Earning a high school diploma or completing a college degree is usually a chaotic swirl of classes, tests, extracurriculars, and deadlines, and keeping all that straight and organized is often in and of itself a formidable challenge. For new moms and moms-to-be, the added logistical, medical, and social pressure can morph the everyday responsibilities of getting an education into a downright herculean task. So, it will be comforting for those focusing on both the weekly reading and bringing a child into the world to know what happens if they miss exams because of pregnancy and that they're covered if they experience harassment at school.
Here's the good news: A federal law that prevents sex discrimination in all federally funded institutions offers protections against these and other barriers. Passed way back in 1972, Title IX of the Education Amendments is generally associated with ensuring equal opportunities for female student athletes. But it actually protects their rights (and those of all students) beyond the soccer field or swimming pool.
Education, of course, starts in the classroom, so the law makes it illegal for institutions to hinder students' academic experiences simply because they are pregnant or have given birth. In fact, it dictates that they provide reasonable accommodations for them. If you miss that calc exam because you had an emergency C-section, for example, you can make it up when your doctor says you're ready. No questions asked.
As it relates to pregnant and parenting students, Title IX aims to eliminate discrimination on the basis of a person's status as a parent, their pregnancy, and related conditions – including abortion. According to a U.S. Department of Education fact sheet, institutions can offer alternative educational arrangements for pregnant students but not compel them to use them, must allow them to continue participating in activities, and even provide adjustments like a larger desk and elevator access. Absences are excused and assignments missed because of pregnancy or childbirth can be made up for as long as a doctor deems necessary.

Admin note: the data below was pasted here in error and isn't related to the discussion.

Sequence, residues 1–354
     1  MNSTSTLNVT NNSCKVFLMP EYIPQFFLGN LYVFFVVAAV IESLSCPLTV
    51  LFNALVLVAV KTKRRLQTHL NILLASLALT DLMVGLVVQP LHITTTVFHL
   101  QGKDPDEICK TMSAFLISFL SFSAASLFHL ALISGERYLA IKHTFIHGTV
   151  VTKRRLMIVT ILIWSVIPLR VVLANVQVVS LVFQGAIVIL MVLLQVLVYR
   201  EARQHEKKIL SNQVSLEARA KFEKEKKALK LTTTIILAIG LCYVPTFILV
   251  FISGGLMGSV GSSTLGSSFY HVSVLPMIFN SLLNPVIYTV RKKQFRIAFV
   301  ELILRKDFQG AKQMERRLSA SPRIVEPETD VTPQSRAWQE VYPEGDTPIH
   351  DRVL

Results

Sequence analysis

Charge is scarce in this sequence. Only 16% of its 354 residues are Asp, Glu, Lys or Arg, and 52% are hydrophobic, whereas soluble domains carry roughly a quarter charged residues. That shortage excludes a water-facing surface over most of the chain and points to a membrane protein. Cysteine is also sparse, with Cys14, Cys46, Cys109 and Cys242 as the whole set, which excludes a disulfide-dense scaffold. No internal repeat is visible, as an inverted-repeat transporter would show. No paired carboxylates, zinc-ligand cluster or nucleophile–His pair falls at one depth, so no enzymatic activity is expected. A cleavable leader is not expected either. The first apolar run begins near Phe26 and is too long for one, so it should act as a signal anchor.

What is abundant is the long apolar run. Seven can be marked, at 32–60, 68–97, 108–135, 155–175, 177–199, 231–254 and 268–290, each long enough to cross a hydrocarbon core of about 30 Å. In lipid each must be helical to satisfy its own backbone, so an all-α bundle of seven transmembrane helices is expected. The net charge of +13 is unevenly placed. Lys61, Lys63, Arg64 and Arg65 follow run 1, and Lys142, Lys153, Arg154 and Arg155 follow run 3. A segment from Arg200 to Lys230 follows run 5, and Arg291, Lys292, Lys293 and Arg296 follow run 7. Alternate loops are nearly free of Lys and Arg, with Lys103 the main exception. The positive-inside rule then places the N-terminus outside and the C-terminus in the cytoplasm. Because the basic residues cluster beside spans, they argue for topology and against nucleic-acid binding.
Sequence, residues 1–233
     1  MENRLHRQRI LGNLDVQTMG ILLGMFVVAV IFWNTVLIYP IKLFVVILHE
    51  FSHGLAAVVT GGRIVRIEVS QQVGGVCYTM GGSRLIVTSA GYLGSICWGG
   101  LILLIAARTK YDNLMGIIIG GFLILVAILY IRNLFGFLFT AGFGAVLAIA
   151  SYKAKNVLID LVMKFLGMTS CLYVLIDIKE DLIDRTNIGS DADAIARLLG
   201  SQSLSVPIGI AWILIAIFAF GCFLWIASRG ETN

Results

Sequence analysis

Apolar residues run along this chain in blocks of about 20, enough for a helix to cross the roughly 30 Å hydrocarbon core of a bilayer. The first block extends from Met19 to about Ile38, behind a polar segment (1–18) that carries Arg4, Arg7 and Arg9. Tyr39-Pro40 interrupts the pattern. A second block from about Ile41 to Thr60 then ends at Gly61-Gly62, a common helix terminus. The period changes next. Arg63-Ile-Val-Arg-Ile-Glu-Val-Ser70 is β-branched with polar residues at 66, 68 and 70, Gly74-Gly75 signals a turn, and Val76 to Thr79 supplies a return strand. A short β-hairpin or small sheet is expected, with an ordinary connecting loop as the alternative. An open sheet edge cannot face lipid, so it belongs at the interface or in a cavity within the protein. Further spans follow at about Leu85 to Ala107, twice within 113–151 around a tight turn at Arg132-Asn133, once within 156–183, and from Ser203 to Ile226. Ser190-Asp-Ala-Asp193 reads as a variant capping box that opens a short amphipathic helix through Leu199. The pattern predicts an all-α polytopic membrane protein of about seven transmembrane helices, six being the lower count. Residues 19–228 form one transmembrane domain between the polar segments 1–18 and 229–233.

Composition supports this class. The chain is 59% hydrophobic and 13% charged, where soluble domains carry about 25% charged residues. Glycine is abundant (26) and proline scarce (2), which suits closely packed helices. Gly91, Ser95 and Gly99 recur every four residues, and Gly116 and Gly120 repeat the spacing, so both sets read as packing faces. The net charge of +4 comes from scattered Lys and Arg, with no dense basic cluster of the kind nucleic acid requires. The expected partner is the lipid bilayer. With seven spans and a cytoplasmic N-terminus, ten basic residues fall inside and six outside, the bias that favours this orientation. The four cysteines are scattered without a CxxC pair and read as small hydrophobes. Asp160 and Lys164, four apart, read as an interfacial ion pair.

And when an institution doesn't comply with these mandates, it runs the risk of inviting legal action. For example, the City University of New York ended up paying one of its students $3,000 in a 2013 settlement after the National Women's Law Center filed a complaint against it on her behalf. CUNY had not allowed Stephanie Steward to make up tests and assignments she missed because of her pregnancy, according to Inside Higher Education.
There are limits to these protections, however. Schools do not have to allow students to retain their student statuses or scholarships if they opt to take more time off — like an entire semester — than a doctor said was medically necessary. These must be retained for them if they return to classes within the timeframe allotted by their doctor, though.
Some lawmakers want to emphasize staying in school during and after pregnancy just as much as the right to take time off. A law passed this month in New Jersey aims to protect students from school officials in the state who may encourage them to take a leave of absence or withdraw, the Asbury Park Press reported. Assemblywoman Joann Downey explained why she supported the law, which makes it possible for pregnant students to maintain safe distances from hazardous materials and requires colleges to distribute pregnancy discrimination policies:
Too many women hear that it's virtually impossible to go to school if they’re pregnant. It's a discouraging message, not one of empowerment. By accommodating women as they prepare for motherhood and for a career, colleges and universities in New Jersey can ensure that pregnant students have equal opportunity on campus.
Clearly, the most important freedom when it comes to mixing pregnancy and school is giving students the power of choice, lots of options, and the same opportunities as their peers.